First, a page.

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Walking the Camino Portugues to Santiago, Spain

May 5, 2015

“Step back in faith and let truth lead the way. . . One Who knows goes with you . . We walk to God.” – A Course in Miracles

The ancient, beloved and still immensely popular pilgrimage trail known as the Camino de Santiago first came onto my personal radar fifteen years ago.

While touring Europe my daughter Alexandra wanted to find me a medallion to wear symbolizing my new status as an Interfaith minister. In Spain she started seeing the shell symbol associated with St. James and the pilgrimage to Santiago de Compostela and the cathedral there where his remains are enshrined and his role in spreading the Christian message is honored. That’s it, she thought. For years, I have worn the silver shell necklace she gave me, for the rounded shell with prongs pointing outward is a broader symbol of the idea that all roads lead to God, by whatever name or form, or “Many paths, one God.”

It wasn’t until about four years ago that I started being interested in walking a portion of the Camino myself. Like many modern pilgrims on the Camino, my interest was piqued by the film The Way starring Martin Sheen as a stodgy dentist who finds his outlook expanding when he decides to fulfill his late son’s desire to walk the Camino, on the main trail from the French border across Spain. (I wish the film had come out some years earlier, before the publication of my book Reel Spirit: A Guide to Movies That Inspire, Explore and Empower, but movies still have those effects on me.)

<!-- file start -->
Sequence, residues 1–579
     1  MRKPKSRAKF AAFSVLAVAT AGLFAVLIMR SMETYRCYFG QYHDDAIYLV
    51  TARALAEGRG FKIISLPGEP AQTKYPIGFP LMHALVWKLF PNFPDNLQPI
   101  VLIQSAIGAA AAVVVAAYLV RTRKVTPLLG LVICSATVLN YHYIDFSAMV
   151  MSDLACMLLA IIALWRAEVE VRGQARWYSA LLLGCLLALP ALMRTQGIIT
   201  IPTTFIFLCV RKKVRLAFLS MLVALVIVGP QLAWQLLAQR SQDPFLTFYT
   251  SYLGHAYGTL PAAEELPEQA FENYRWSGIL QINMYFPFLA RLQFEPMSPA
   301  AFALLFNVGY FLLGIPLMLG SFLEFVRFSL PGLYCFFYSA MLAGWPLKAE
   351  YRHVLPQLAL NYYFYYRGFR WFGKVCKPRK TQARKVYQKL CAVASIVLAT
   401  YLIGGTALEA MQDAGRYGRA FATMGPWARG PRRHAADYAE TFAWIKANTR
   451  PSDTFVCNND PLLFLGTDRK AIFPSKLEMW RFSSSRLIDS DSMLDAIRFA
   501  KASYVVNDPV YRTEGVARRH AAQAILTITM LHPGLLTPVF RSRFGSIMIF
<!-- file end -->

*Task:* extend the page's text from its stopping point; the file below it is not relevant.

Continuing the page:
And then Alexandra and her husband Dylan last summer followed in the footsteps of The Way, backpacking 500 miles in five weeks – and loving, if not quite every (sometimes painful) step of the way, at least the overall experience. I heard their stories, saw their pictures, and became totally inspired: The Camino was definitely calling me!

A friend who also had seen the film started talking about walking what today is the second most popular Camino route, the Camino Portugues. Together we spurred each other on, and settled on the final part of the Camino Portugues, beginning in Valenca, Portugal, near the Spanish town of Tui, and continuing north about 72 miles or 115 km to Santiago. Being men of a certain age we felt more comfortable with 70+ miles than 500 miles.

Map of pilgrimage

Map of pilgrimage

Leaving California on April 1, we flew into Madrid, then flew over to Vigo on the Spanish coast, and took a taxi to Valenca, where we got our “pilgrim’s passports” (Credencial del Peregrino) stamped with the first of the required two-a-day stamps along the way to prove upon arrival in Santiago that we had indeed walked the required distance to receive a certificate and attend a daily pilgrims’ mass in the grand cathedral.

pilgrim's passport

Credencial del Peregrino, the pilgrim passport